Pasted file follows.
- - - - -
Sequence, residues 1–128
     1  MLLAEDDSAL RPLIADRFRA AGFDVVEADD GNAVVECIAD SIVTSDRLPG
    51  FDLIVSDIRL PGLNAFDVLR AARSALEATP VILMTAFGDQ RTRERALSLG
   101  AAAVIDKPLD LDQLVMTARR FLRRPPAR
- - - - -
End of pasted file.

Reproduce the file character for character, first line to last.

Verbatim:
Sequence, residues 1–128
     1  MLLAEDDSAL RPLIADRFRA AGFDVVEADD GNAVVECIAD SIVTSDRLPG
    51  FDLIVSDIRL PGLNAFDVLR AARSALEATP VILMTAFGDQ RTRERALSLG
   101  AAAVIDKPLD LDQLVMTARR FLRRPPAR